News & analysis


Last week’s sterling optimism began to wane yesterday as the vote on ‘plan B’ amendments loomed. Tonight, lawmakers will meet in the House of Common to vote on up to 14 possible amendments to Theresa May’s neutral motion. The potential final form of a Brexit deal may begin to take shape as each amendment commands a clear majority in the House of Commons, however, any amendment passed is not legally binding on the government but in practice, the political pressure would likely bind them in practice. After months of uncertainty, a direction and a common stance from Parliament to take to the EU should begin to show. Last night, the Prime Minister urged MP’s to support the Brady amendment, which would push through her original ‘plan A’ that was rejected in the meaningful vote but with an “alternative arrangement” instead of the contentious Irish backstop. However, hardline Conservatives such as the former Foreign Secretary, Boris Johnson, stated that it was a ploy that would not see a clean break from the EU and threatened to torpedo such plans. The most likely amendment to pass at this moment in time is Yvette Cooper’s ruling out of a no-deal Brexit. Regardless, the question after tonight will be if the EU signs off on what is needed for a deal to be ratified into UK law, and whether they will do so prior to the March 31st deadline.


The single currency may as well have been called the stealthy currency yesterday as EUR slowly moved towards the top of the G10 currency board and made inroads against USD for the second day in a row. The main driver for the positive sentiment that surrounded euro was European Central Bank President Mario Draghi who testified before the European Parliament and said he doesn’t see the need for extra stimulus. This was taken as a positive by markets as the recent slew of disappointing data in the Eurozone spurred rumours about potential extra monetary stimuli, which would then drag on the value of the euro. Meanwhile, the growth of one of the broader measures of the money supply, M3, increased by 4.1% in December year-on-year. This beat expectations, although the growth of the money supply still confirms that the Eurozone economy is slowing. The Spanish Unemployment rate continued on its downward trend as it came out this morning at 14.5%, as forecasted.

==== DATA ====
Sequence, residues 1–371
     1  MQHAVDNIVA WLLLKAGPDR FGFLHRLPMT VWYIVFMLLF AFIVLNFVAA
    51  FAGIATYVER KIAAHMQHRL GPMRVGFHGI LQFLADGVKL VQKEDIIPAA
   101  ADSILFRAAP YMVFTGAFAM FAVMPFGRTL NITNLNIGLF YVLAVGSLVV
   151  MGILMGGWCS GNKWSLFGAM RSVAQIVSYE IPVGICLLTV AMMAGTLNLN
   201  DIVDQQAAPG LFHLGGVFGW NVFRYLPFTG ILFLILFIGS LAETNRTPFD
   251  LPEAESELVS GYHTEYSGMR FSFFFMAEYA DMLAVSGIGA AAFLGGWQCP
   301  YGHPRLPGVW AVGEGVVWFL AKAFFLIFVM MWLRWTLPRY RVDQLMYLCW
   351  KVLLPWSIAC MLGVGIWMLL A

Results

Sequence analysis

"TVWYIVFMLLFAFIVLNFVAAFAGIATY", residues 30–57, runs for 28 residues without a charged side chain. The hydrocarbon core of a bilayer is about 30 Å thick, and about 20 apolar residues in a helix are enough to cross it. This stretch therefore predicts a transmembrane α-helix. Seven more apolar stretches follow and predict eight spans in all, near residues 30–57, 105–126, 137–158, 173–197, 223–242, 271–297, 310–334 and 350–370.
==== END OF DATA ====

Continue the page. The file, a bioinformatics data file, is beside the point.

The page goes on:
The dollar posted broad losses against the G10 yesterday, mainly against the euro, Swiss franc and Japanese yen in a general risk-off environment. Poor earnings data from US companies such as Caterpillar Inc and Nvidia Corp fuelled global growth fears after both companies cited weak Chinese demand. Despite US-Sino relations soothing on the surface, all is not well. The proverbial swan is paddling hard to stay afloat after the US accused China’s Huawei of stealing American intellectual property from T-mobile and violating sanctions on Iran. This compounds tensions on intellectual property between the US and China, which was the catalyst to previous trade tariffs, and shook investors nerves. With a possible synchronised slowdown in economic growth on the cards, a re-emergence in trade protectionist measures would all but solidify bearish sentiment.


CAD was the worst G10 performer against the US dollar yesterday, despite the greenback from broadly weakening. This is because the general risk-off move yesterday punished oil prices and evidenced the loonie’s sensitivity to crude yet again. WTI crude fell 2.5% in yesterday’s session. Gross Domestic Product is out on Friday, which will show us to what extent the domestic economy can provide a counterbalance against global currents.